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C.D. Warner, et al., comp.  The Library of the World’s Best Literature.
An Anthology in Thirty Volumes.  1917.
 
From ‘The Earthly Paradise’
By William Morris (1834–1896)
 
Introduction

OF heaven or hell I have no power to sing;
  I cannot ease the burden of your fears,
Or make quick-coming death a little thing,
  Or bring again the pleasure of past years,
Nor for my words shall ye forget your tears,        5
  Or hope again for aught that I can say,
  The idle singer of an empty day.
 
But rather, when aweary of your mirth,
  From full hearts still unsatisfied ye sigh,
And, feeling kindly unto all the earth,        10
  Grudge every minute as it passes by,
  Made the more mindful that the sweet days die,—
Remember me a little then, I pray,
The idle singer of an empty day.
 
The heavy trouble, the bewildering care        15
  That weighs us down who live and earn our bread,
These idle verses have no power to bear;
  So let me sing of names rememberèd,
  Because they, living not, can ne’er be dead,
Or long time take their memory quite away        20
From us poor singers of an idle day.
 
Dreamer of dreams, born out of my due time,
  Why should I strive to set the crooked straight?
Let it suffice me that my murmuring rhyme
  Beats with light wing against the ivory gate,        25
  Telling a tale not too importunate
To those who in the sleepy region stay,
Lulled by the singer of an empty day.
 
Folks say, a wizard to a northern king
  At Christmas-tide such wondrous things did show,        30
That through one window men beheld the spring,
  And through another saw the summer glow,
  And through a third the fruited vines arow,
While still, unheard, but in its wonted way,
Piped the drear wind of that December day.        35
 
So with this Earthly Paradise it is,
  If ye will read aright, and pardon me,
Who strive to build a shadowy isle of bliss
  Midmost the beating of the steely sea,
  Where tossed about all hearts of men must be;        40
Whose ravening monsters mighty men shall slay,
Not the poor singer of an empty day.
 
From L’Envoi

HERE are we for the last time face to face,
Thou and I, Book, before I bid thee speed
Upon thy perilous journey to that place        45
For which I have done on thee pilgrim’s weed,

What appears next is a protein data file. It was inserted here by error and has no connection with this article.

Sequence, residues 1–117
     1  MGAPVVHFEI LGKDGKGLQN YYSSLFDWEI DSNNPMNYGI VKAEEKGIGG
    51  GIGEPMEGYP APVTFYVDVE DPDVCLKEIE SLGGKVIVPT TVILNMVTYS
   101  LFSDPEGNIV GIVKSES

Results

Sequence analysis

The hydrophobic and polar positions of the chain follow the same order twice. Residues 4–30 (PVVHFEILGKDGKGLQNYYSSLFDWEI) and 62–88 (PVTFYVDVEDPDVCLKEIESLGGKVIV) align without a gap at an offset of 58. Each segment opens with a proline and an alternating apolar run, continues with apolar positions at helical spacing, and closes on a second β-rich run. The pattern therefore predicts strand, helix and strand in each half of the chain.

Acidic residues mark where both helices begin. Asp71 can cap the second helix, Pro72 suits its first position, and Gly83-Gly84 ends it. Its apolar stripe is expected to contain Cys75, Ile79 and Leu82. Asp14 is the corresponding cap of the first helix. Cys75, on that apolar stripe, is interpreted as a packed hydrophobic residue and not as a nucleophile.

Striving to get thee all things for thy need.
*        *        *        *        *
Though what harm if thou die upon the way,
Thou idle singer of an empty day?
 
But though this land desired thou never reach,        50
  Yet folk who know it mayst thou meet or death;
Therefore a word unto thee would I teach
  To answer these, who, noting thy weak breath,
  Thy wandering eyes, thy heart of little faith,
May make thy fond desire a sport and play,        55
Mocking the singer of an empty day.
 
That land’s name, say’st thou? and the road thereto?
  Nay, Book, thou mockest, saying thou know’st it not;
Surely no book of verse I ever knew
  But ever was the heart within him hot        60
  To gain the Land of Matters Unforgot:
There, now we both laugh—as the whole world may,
At us poor singers of an empty day.
 
Nay, let it pass, and hearken! Hast thou heard
  That therein I believe I have a friend,        65
Of whom for love I may not be afeard?
  It is to him indeed I bid thee wend;
  Yea, he perchance may meet thee ere thou end,
Dying so far off from the hedge of bay,
Thou idle singer of an empty day!        70
 
Well, think of him, I bid thee, on the road,
  And if it hap that midst of thy defeat,
Fainting beneath thy follies’ heavy load,
  My Master, GEOFFREY CHAUCER, thou do meet,
  Then shalt thou win a space of rest full sweet;        75
Then be thou bold, and speak the words I say,
The idle singer of an empty day!…
 
Fearest thou, Book, what answer thou may’st gain,
  Lest he should scorn thee, and thereof thou die?
Nay, it shall not be.—Thou may’st toil in vain,        80
  And never draw the House of Fame anigh;
  Yet he and his shall know whereof we cry,—
Shall call it not ill done to strive to lay
The ghosts that crowd about life’s empty day.
 
Then let the others go! and if indeed        85
  In some old garden thou and I have wrought,
And made fresh flowers spring up from hoarded seed,
  And fragrance of old days and deeds have brought
  Back to folk weary,—all was not for naught.
No little part it was for me to play—        90
The idle singer of an empty day.
 
 
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